Cheap source of hard steel? (for abrasive testing)

Discussion in 'Maintenance, Tinkering & Embellishment' started by Mr.Wizard, Dec 22, 2019.

  1. eKretz

    eKretz

    969
    Aug 30, 2009
    Well, that is a tough question to answer. A Cleveland HSS blank from their heyday would undoubtedly be in the mid to high 60's Rc. However, around a decade or more ago they started having even their flagship Mo-Max HSS made in Mexico, and today I believe it's made in China. Anything goes when QC isn't being monitored like it should.

    There are varying grades of HSS also. If you want a really hard one look for something like T15.
     
  2. jpm2

    jpm2

    Nov 19, 2014
    In that same McMaster-Carr catalog DieMaker listed, here's the hss body hacksaw and power hacksaw blades that should be fully hard.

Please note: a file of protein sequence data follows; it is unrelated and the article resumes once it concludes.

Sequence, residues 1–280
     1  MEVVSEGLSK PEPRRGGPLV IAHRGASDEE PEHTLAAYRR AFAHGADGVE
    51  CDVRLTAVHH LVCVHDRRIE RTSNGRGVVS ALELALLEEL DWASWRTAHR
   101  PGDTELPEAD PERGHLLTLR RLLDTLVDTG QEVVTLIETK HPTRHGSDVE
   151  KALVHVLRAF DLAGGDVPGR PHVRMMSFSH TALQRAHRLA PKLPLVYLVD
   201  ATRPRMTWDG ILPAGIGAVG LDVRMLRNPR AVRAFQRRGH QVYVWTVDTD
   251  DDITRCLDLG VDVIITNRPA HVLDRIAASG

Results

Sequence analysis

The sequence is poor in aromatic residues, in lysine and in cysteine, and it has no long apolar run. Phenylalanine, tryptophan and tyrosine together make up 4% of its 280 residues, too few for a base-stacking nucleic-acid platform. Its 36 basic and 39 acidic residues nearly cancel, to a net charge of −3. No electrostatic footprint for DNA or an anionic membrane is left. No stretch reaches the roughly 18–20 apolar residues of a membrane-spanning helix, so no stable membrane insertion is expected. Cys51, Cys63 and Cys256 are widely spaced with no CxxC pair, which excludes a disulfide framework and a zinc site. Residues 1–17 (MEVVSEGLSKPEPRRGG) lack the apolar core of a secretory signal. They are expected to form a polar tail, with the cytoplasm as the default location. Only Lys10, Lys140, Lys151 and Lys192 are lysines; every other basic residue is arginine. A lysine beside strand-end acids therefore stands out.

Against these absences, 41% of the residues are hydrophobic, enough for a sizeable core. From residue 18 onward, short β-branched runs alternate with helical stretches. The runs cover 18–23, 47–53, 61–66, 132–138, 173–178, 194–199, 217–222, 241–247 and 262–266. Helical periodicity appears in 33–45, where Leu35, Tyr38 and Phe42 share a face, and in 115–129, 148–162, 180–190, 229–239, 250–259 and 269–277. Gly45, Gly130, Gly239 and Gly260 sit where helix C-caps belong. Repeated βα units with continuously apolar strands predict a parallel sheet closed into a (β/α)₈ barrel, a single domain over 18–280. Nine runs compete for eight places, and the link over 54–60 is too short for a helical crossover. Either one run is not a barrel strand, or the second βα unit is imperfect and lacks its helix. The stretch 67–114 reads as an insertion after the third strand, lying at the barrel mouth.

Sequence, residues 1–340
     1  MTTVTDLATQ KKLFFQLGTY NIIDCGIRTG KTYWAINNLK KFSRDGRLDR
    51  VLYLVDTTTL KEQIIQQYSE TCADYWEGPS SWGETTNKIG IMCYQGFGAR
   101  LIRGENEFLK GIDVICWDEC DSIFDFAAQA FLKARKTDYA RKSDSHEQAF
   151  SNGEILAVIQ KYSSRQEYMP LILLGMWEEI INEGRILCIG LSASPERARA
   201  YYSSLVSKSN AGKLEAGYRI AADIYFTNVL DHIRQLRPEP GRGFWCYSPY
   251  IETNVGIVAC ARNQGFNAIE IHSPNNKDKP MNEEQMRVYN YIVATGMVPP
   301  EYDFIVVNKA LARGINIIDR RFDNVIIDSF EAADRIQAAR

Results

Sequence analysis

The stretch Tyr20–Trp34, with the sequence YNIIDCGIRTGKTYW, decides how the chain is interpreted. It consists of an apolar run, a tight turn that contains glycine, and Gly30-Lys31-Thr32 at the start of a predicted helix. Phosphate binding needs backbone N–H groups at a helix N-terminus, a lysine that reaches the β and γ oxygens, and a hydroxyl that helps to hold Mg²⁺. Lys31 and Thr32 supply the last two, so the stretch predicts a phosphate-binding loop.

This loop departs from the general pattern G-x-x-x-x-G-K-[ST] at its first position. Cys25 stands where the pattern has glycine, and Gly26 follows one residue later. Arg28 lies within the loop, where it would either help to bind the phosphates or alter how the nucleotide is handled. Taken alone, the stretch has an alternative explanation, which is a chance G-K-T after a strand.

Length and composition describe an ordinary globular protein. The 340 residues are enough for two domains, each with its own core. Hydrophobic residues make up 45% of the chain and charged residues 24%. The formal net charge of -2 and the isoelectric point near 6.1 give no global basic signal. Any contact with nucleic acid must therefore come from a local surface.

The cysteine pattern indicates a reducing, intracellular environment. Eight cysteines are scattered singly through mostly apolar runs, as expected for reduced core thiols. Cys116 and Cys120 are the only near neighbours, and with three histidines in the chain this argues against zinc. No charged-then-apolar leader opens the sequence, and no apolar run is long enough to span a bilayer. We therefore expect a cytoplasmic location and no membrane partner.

https://www.mcmaster.com/hacksaw-blades/=3e0ea8f2d92145a18b9cd04e2ec2d623k4oiqwis
    Looks like $11 plus for a pack of 10.
    or the least expensive power blade for $16 plus.

    I also have a few knives made from Starrett hss power hacksaw blades, they are good but a little softer than the ones made from parting tools.
     
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  3. Diemaker

    Diemaker KnifeMaker / Craftsman / Service Provider Knifemaker / Craftsman / Service Provider

    535
    Apr 28, 2017
    Ok, did a little research and it looks like M2 is 65-68 HRC which is a little harder than I was expecting. As I said earlier all I cared about was how long the tool would hold an edge while machining parts, not how hard it was. In my defense on the drill bits, I was responding to the ops needs and don't think grinding on the flutes would be desirable given the varying bevel widths vs grinding on a smooth shaft. I too have done this testing stones and the bevel width consistency is important.
     
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  4. eKretz

    eKretz

    969
    Aug 30, 2009
    I would certainly agree there as well.
     

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